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Bob Iger, chairman and CEO of The Walt Disney Company. Photo: Drew Angerer/Getty Images

The Disney+ streaming service's launch was met with technical issues, compromised passwords and a whole lot of demand.

What's next: The company is looking forward, not back, with a top executive saying that the company won't rely as heavily on data as rival Netflix did in building its service or creating its content.

  • "We might have great, creative ideas that don’t fit right into where the data would point you to make a program, so we’re going to use both our judgment or the ideas we have in place, the capacities that we have in place and the data that tells us what to make," Kevin Mayer, chairman of direct-to-consumer and international at Disney, said in an interview at Code Media on Tuesday.

Yes, but: Mayer did concede that Disney needed to invest more in its technology in order to make its product as functional as Netflix for users. He said that he thinks that Disney will be able to match Netflix's engineering capabilities in a couple of years.

  • He also noted for the first time publicly that the company is in the process of uniting its two separate pieces of platform tech — BAMTech (which powers ESPN+ and Disney+) and Hulu's tech — to create one unified tech platform for all of Disney's streaming platforms.
  • "We're going to take a harmonized platform approach at some point," he said. "There's nothing to announce, but it's something we're talking about."

The bottom line: Disney has a lot riding on Disney+, and the company wants to reach 60 million to 90 million subscribers by 2024.

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Woman who allegedly stole laptop from Pelosi's office to sell to Russia is arrested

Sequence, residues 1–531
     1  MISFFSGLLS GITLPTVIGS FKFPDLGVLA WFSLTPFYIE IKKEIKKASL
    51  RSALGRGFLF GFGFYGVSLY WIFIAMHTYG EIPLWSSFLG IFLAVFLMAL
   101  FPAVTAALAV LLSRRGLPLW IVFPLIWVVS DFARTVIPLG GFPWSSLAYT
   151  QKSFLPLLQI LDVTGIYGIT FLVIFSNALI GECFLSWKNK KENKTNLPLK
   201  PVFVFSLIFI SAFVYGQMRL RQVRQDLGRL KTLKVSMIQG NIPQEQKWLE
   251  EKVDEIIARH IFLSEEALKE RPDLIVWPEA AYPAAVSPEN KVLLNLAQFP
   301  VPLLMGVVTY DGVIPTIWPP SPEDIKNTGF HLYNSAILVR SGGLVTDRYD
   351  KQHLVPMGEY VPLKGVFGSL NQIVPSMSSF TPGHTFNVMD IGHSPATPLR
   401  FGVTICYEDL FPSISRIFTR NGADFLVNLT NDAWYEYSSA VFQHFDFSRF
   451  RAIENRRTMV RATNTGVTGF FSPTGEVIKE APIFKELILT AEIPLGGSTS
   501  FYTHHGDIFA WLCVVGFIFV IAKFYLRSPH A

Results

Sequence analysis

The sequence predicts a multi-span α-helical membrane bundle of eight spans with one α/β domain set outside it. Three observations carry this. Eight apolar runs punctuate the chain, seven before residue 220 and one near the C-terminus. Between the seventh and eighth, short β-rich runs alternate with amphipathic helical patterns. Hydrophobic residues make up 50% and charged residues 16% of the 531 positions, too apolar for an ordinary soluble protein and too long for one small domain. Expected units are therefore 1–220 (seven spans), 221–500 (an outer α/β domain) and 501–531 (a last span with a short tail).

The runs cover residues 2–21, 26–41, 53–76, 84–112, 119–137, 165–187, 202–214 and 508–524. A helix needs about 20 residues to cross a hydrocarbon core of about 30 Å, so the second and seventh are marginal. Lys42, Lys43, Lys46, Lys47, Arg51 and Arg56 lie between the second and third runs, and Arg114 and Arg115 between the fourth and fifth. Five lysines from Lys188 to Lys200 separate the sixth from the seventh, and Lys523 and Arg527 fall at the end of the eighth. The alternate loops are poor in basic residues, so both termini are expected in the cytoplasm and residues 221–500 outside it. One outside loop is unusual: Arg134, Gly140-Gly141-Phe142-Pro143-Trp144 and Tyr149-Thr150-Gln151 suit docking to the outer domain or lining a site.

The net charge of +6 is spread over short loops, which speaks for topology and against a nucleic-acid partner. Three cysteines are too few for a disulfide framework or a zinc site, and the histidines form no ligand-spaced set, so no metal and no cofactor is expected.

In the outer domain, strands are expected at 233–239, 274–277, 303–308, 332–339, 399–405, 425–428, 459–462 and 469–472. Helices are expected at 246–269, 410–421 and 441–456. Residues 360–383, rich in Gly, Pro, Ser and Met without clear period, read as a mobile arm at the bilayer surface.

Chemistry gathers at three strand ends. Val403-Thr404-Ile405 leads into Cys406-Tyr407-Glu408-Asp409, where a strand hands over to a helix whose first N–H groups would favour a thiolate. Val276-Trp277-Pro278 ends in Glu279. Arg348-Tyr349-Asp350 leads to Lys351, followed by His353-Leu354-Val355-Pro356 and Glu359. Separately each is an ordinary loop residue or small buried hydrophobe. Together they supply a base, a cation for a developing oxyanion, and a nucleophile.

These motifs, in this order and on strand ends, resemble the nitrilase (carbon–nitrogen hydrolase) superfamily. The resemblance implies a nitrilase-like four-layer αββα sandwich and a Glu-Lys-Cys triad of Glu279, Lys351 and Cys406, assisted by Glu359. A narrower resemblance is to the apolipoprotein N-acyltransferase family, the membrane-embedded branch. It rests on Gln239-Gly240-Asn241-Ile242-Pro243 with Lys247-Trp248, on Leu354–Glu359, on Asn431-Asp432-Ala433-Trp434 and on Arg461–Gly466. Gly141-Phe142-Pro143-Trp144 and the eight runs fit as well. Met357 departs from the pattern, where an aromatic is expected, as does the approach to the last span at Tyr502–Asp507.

Photo: FBI

A woman accused of breaching the Capitol and planning to sell to Russia a laptop or hard drive she allegedly stole from Speaker Nancy Pelosi's office was arrested in Pennsylvania's Middle District Monday, the Department of Justice said.

Driving the news: Riley June Williams, 22, is charged with illegally entering the Capitol as well as violent entry and disorderly conduct. She has not been charged over the laptop allegation and the case remains under investigation, per the DOJ.

Biden will reverse Trump's attempt to lift COVID-related travel restrictions

Photo: Tasos Katopodis via Getty

The incoming Biden administration will reverse President Trump's last-minute order to lift COVID-19 related travel restrictions, Jen Psaki, the incoming White House press secretary, tweeted.

Why it matters: President Trump ordered entry bans lifted for travelers from the U.K., Ireland, Brazil and much of Europe to go into effect Jan. 26, but the Biden administration will "strengthen public health measures around international travel in order to further mitigate the spread of COVID-19," Jen Psaki said. Biden will be inaugurated on Wednesday, Jan. 20 and Trump will no longer be president by the time the order is set to go into effect.

Dominion sends cease and desist letter to My Pillow CEO Mike Lindell

Photo: Stephen Maturen/Getty Images

Dominion Voting Systems on Monday sent a cease and desist letter to My Pillow CEO Mike Lindell over his spread of misinformation related to the 2020 election.

Why it matters: Trump and several of his allies have pushed false conspiracy theories about the company, leading Dominion to take legal action. It's suing pro-Trump lawyer Sidney Powell for defamation and $1.3 billion in damages, and a Dominion employee has sued Trump himself, OANN and Newsmax.

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